The daughter of a woman who was killed by a man barred from gun possession has sued the website that facilitated the killer's purchase of the weapon used in the crime. The AMA and the Wisconsin Medical Society (WMS) are supporting the daughter, Yasmeen Daniel, and requesting that her case be heard by the U.S. Supreme Court.
The Wisconsin State Supreme Court dismissed the suit in April, overturning a state appeals court decision. The top state court ruled that the website, Armslist.com, was protected by the federal Communications Decency Act, holding that interactive websites cannot be held liable for content posted by third parties.
In an amicus brief (PDF) prepared by the Litigation Center of the AMA and State Medical Societies in the case, Daniel v. Armslist (PDF), the AMA and WMS argue that the Wisconsin high court misinterpreted the statute. They state that the case does not involve the content of the website, but its design, which allowed the killer, Radcliffe Haughton, to obtain a gun even though a court-issued restraining order prohibited him from having a firearm for four years.
"This website was created, at least in part, to facilitate the sale of guns to persons who are likely to use them to commit crimes, such as persons prohibited from possessing guns by a court restraining order," the brief states. "Although Wisconsin and federal laws prohibit the sale of firearms to certain persons, including those with protection orders against them, Armslist was designed to evade those laws—and to profit from those evasions."
A licensed gun dealer would have been required to do a background check on Haughton and would have learned of his legal status. So, instead, he found a seller on the Armslist website and completed the sale in a cash transaction that took place in the parking lot of a fast-food restaurant.
The next day he went to the workplace of his wife, Zina Haughton—Daniel's mother—and murdered Haughton. He also killed two other people and shot four more before taking his own life. Daniel witnessed her mother's murder and was one of those injured in the shooting.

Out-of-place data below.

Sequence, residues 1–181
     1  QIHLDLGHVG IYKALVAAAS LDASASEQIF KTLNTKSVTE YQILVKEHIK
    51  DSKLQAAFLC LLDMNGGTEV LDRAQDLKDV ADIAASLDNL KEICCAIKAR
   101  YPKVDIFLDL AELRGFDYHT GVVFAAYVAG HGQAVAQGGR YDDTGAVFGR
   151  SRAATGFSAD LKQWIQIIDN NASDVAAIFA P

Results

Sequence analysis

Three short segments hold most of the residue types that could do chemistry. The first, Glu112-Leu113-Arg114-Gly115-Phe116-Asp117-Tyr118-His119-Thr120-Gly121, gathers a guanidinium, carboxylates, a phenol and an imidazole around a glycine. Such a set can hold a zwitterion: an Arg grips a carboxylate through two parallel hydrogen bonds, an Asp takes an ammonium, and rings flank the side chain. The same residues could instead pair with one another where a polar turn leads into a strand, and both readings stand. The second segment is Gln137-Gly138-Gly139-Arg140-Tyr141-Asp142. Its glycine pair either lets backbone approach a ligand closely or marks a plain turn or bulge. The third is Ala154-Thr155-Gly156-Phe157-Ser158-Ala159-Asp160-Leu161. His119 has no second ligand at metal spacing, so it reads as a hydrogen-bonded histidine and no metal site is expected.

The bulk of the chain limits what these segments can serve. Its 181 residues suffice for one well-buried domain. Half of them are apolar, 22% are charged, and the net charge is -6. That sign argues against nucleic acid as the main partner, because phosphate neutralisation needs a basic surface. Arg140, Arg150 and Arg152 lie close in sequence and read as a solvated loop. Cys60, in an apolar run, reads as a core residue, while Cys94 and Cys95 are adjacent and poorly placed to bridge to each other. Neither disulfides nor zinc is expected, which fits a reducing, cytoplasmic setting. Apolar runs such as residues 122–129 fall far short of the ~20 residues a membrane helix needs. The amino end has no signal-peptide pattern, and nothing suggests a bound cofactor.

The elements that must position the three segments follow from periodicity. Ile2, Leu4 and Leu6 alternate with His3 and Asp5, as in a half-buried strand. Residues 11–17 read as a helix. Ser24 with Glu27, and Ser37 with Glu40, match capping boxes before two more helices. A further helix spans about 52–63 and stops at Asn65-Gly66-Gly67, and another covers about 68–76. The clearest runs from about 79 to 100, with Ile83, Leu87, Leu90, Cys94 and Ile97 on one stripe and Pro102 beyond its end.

The brief notes that the issue before the court is the legislative intent of the Communications Decency Act.
"Immunizing Armslist would do nothing to advance communications decency," the brief states. "In fact, immunization would be an action of indecency."
The website allows readers to distinguish between licensed arms dealers who must perform background checks and private sellers who don't have to. Also, the site allows readers to view ads anonymously without registering an account.
"These features do not derive from neutral or innocuous design decisions," the brief argues. "They are intended to—and do—facilitate illegal sales."
The law was designed to protect websites from traditional publishing lawsuits such as libel and copyright infringement arising from user-generated content.
"The suit is premised on Armslist's having deliberately designed its website to facilitate and enable the illegal sale of firearms," the brief says. "Those are far from traditional publisher functions, and the claim of aiding and abetting a murder does not depend on whether Armslist is treated as a publisher."
The brief further argues that, because of the gun violence public health crisis, the Communications Decency Act's immunity provisions "should not be misapplied to frustrate state laws that seek to curb this scourge."
For women in domestic violence situations like the one experienced by Zani Houghton, the risk of homicide increases 500% in the presence of a firearm, the brief notes.
The "do-nothing approach" to the public health crisis of gun violence is unacceptable to physicians who lead health care teams that shoulder "the emotional weight of firearm violence," the brief adds. "Physicians not only repair the wounds of this epidemic, but they bear the toll it takes on their colleagues and the profession."